God Is NOT ONE by Stephen Prothero
Reviewed by Laurie Chisholm
When I picked up God Is Not One, the title led me to jump to the conclusion that this was probably just another broadside by a new atheist against religion; along the lines that religions have such different ideas about God that it’s pretty obvious that there’s no truth in any of them. The subtitle quickly put me on the right track: “The eight rival religions that run the world and why their differences matter.” The author, Stephen Prothero, is a professor in the Department of Religion at Boston University and the main content of the book is a series of overviews of different religions, one chapter for each: Islam, Christianity, Confucianism, Hinduism, Buddhism, Yoruba religion, Judaism, and Daoism.
What you get is not an assemblage of dessicated, objective facts about religions, but a sympathetic attempt to enter into the spirit of each one. Moreover, he doesn’t just give an account of the classical teaching of a religion but also explains its recent evolution, contemporary role and significance on the world scene. Prothero argues that we need to understand different religions to understand what is going on in the world.
SoFers are likely to find the Introduction and the penultimate chapter (A Brief Coda on Atheism) of most interest. The introduction analyses and critiques the view that all religions are essentially the same. This is a view that I have often heard and have been generally rather at a loss to know how to respond to. In this view, the foothills of the different religions may differ (different practices, beliefs, etc) but at a higher level they are like different paths to the peak of the same mountain. Prothero comments “this is a lovely sentiment, but it is dangerous, disrespectful and untrue.” While the sentiment aims to promote religious tolerance, we are not helped at all to understand the intractable conflicts around the world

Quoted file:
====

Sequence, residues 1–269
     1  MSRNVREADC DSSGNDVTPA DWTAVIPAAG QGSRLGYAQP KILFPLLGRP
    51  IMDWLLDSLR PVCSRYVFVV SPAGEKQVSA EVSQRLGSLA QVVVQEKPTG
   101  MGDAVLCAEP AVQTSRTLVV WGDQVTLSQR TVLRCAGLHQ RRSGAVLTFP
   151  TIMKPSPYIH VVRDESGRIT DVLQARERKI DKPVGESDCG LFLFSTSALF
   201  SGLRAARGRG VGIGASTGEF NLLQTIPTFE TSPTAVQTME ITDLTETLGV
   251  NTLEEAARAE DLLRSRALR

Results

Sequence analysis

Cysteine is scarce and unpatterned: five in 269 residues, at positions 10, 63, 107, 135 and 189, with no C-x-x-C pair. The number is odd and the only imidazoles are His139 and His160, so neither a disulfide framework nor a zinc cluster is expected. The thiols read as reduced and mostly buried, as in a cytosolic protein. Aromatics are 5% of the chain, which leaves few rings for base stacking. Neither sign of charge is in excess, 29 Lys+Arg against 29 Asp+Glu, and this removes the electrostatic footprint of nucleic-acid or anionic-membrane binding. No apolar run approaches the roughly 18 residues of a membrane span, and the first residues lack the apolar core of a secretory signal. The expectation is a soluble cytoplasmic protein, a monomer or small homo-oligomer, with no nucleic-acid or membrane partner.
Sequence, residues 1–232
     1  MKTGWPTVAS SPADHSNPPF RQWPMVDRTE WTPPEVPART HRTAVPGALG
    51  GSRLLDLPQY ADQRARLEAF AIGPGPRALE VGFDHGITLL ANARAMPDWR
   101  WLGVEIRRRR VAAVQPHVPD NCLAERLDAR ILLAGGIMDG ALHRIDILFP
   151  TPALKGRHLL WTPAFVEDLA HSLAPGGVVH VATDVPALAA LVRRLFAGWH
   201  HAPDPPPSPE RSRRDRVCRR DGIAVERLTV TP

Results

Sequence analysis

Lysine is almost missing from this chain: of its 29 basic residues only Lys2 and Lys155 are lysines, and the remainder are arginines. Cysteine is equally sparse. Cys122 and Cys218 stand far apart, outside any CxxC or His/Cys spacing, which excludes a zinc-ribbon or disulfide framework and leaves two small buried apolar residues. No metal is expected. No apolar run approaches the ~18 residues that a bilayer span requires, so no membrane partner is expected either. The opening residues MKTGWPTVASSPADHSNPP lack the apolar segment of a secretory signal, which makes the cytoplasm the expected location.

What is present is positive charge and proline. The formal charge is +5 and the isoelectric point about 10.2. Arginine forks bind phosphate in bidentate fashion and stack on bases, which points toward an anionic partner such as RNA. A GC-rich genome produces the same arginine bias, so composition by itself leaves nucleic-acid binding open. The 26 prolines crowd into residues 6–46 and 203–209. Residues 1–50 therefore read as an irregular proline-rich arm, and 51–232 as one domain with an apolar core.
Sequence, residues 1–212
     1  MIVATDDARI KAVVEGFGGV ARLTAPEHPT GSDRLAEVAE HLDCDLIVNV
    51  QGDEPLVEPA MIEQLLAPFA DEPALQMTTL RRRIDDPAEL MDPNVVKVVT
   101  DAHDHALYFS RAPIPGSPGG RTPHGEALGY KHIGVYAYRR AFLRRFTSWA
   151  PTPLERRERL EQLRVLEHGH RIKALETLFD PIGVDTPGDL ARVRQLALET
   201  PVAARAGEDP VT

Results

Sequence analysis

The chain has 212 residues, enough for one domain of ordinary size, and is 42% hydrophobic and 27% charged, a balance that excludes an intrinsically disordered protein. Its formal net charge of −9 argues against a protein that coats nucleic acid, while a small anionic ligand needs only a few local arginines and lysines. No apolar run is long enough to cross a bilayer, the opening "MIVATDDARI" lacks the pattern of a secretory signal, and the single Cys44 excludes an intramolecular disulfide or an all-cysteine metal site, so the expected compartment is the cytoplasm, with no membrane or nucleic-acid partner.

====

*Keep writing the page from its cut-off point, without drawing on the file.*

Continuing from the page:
in which religion plays a role by this rose-tinted view.
The idea that Buddhism is a path to salvation is confused, because ‘salvation’ is a Christian concept, a solution to the problem of sin, which really plays no role in Buddhism.
There is no one essence that all religions share: all you can say is that there are family resemblances in some of the seven ‘dimensions’ of religion identified by Ninian Smart:
ritual, narrative, experiential, institutional, ethical, doctrinal and material. While religions are all ways of wrestling with the human predicament, they each have their own diagnosis and prescription for a cure.
The penultimate chapter contrasts angry and friendly atheism. For the one sort, religion is poison and the only way forward is to abolish it, while the other asks only that atheism be regarded as a valid point of view deserving a fair hearing. He wonders whether the first sort actually functions just like a religion and hopes that the second sort will emerge more strongly.
The book has a lively, readable style and I never found it boringly familiar. Some may feel that it inclines towards the journalistic rather than the theological/philosophical but I found it satisfying and insightful.